Susan Wallace


The Right Stone

Mauri Tau Mauri Ora is the 270 kilogram pounamu kōhatu that sits on a Carrara marble plinth at the entrance to Oi Manawa, the Canterbury Earthquake National Memorial. Gifted by Te Rūnanga o Makaawhio, it marks a place for those affected by the Christchurch earthquakes to reflect and remember the people and places they have lost. It signposts a memorial to whenua, whānau, and memories.
For carver Fayne Robinson (Ngāi Tahu – Ngāti Māhaki, Ngāti Waewae; Ngāti Apa ki te Ra To – Puahaterangi), it is also a metaphor of sorts for the before and after of Christchurch city. Its rough crust, he says, resembles rubble; and the “little windows of potential”, showing in places, reflect where we are heading with the city rebuild.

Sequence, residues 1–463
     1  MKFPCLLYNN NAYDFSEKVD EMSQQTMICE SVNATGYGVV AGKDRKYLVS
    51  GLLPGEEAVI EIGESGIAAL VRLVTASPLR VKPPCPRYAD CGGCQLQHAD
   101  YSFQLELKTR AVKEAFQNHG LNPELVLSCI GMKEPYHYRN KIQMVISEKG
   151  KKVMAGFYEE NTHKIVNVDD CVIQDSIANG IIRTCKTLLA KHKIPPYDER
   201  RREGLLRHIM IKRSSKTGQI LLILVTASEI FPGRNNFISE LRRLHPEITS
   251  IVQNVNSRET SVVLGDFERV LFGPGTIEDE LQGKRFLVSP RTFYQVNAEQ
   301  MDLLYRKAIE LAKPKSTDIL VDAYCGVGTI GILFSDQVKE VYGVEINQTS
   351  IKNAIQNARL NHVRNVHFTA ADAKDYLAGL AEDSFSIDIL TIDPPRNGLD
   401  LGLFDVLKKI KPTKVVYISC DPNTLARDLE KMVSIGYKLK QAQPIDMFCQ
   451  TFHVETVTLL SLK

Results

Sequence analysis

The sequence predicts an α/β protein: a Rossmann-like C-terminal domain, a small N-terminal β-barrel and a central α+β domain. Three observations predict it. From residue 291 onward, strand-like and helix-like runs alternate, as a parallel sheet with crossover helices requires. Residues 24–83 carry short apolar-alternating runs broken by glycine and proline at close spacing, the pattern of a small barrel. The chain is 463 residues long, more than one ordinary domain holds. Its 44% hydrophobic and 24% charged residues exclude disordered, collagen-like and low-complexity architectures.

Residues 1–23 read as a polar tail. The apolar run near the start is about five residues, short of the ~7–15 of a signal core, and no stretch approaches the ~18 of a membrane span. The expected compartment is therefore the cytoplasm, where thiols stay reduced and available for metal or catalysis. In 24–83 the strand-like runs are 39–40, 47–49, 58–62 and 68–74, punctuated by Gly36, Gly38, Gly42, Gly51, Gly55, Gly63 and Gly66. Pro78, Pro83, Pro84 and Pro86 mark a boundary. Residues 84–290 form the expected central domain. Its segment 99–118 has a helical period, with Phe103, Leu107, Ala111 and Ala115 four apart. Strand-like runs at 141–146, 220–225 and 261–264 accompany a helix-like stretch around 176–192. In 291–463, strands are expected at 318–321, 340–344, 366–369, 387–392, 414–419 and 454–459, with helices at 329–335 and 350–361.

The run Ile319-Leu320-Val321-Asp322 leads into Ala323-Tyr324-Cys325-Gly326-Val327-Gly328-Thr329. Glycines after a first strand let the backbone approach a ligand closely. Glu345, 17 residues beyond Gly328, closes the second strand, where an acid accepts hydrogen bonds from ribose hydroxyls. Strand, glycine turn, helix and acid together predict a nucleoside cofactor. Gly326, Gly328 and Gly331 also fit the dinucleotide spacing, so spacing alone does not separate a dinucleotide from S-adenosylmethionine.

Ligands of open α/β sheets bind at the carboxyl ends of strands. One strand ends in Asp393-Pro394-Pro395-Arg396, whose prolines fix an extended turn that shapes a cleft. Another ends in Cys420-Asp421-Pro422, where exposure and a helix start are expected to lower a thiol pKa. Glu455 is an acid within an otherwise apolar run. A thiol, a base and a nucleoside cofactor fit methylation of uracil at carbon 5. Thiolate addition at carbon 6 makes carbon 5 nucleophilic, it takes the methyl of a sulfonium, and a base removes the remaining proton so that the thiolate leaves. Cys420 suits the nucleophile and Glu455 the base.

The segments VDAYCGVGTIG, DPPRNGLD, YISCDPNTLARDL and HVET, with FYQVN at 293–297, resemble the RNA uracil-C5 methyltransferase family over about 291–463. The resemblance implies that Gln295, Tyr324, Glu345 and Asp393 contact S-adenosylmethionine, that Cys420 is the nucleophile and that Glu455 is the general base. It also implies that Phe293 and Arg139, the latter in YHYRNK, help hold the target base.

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Commitment to reducing family violence

In early June over 120 whānau came together at Rehua Marae for the launch of Tū Pono: Te Mana Kaha ō te Whānau. The Tū Pono strategy aims to reduce the impact that family violence is having in families and communities throughout  Te Waipounamu and Aotearoa, and the launch signifies the next phase in bringing…

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